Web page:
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Gourmet German and Polish Holiday Shop Offers Taste of Home

By Ewa Kern-Jedrychowska | December 19, 2012 12:10pm

QUEENS — It’s holiday season at Homestead Gourmet Shop in Kew Gardens, and that means the store is filled with the smell of baking strudels, German pink herring salad and a stew of cabbage and meat known as Polish bigos.

Homestead, which offers unique, hard-to-find holiday treats, has been in business for about 65 years. Its current owner, Teresa Wianecka, 56, a Polish immigrant, bought the store nine years ago after working there for more than a decade.

The previous owners, she said, were of German and Polish descent, and the store has sold mostly German food for decades.

Many recipes were created by one of the previous owners, Teddy Gajza, who came up with the unique cooking methods that are still meticulously followed at Homestead, Wianecka said.

“He spent many nights working on strudels, salads and potato pancake recipes,” said Wianecka, who inherited Gajza's recipes when she purchased the store in 2003.

The shop, she said, takes pride in its homemade products. “We even make mayonnaise ourselves,” she said. “When we tried to use a regular mayonnaise, it didn’t taste right.”

Pink herring salad, which consists of Matias herring, beets, apples, potatoes, eggs, pickles, capers and mayo, is the most popular dish during the holiday season. Customers also like herring with onion and sour cream, Wianecka said.

German pastries, including Stollen, a bread-like fruit cake, and Strudels with cheese, cherries or apples, are also in high demand. Wianecka says the shop bakes at least 100 strudels each holiday season.

Among other homemade dishes that the store offers is stuffed cabbage (German style, without rice) and a German potato salad with bacon.

There are also many mouthwatering homemade desserts, including baked apples and custards.

Most of the cold cuts are provided by a German company — Forest Pork Store — based in Ridgewood, Queens.

Over the years, the store won a strong base of loyal customers, some of whom return almost every day, Wianecka said.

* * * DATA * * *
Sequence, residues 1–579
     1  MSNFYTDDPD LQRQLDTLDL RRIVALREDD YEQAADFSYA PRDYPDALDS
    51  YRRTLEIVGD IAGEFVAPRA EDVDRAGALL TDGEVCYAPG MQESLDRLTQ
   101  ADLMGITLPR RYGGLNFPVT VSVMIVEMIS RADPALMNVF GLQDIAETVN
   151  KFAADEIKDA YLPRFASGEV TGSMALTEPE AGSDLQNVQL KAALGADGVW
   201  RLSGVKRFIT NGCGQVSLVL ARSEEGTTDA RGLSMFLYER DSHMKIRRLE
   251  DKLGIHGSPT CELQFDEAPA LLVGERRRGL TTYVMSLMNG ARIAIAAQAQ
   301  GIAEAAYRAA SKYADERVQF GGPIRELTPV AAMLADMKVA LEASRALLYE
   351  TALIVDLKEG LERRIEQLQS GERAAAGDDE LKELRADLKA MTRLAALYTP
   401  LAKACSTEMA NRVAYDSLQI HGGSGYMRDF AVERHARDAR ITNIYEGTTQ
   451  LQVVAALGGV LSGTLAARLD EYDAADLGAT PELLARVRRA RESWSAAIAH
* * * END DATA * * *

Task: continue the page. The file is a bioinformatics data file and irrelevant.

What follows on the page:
Riva Koltun said she comes with her granddaughter Elizabeth to buy coffee, sandwiches and salads.

“The food is really unique,” she said. “But at the same time it is similar to the food I remember from home,” said Koltun who immigrated from Lithuania.

Wianecka said it was her dream to work at Homestead. She arrived in the U.S. 25 years ago, escaping communism and a broken marriage. A bank employee in Poland, her first jobs in the U.S. were as a babysitter and housekeeper.

When she moved to Kew Gardens, she found Homestead charming: Not only did it serve delicious food, she said, but it was located in one of the prettiest buildings in the area, a neo-Tudor style building on Lefferts Boulevard.

She said she walked in one day and asked for a job. She was hired, even though her English was poor at that time. She was eventually promoted to manager and when the owners decided to retire, she bought the store.

Since then, Wianecka said, she has added a couple of dishes that are typical in Polish cuisine and have become popular.

Among the favorites are pierogi, served with potatoes and cheese, or sauerkraut and mushrooms, she said.

Customers also like blintzes served with sweet cheese, apples or cherries, and potato pancakes, which she said are the specialty of her husband, Zdzislaw Nieprzecki.

Another dish, bigos, also has attracted a following among locals, as well as uszka — small dumplings typically served during Christmas with red borsch.

In December, Wianecka also sells Christmas wafers, baked from flour and water, which Christians from Eastern Europe share on Christmas Eve as a symbol of forgiveness.

The prices are not cheap, Wianecka admits. A pound of pink herring salad, for example, costs $17, while each custard costs $3.75. “But we make everything from scratch,” she said.

Homestead Gourmet Shop is located at 8145 Lefferts Blvd., in Kew Gardens.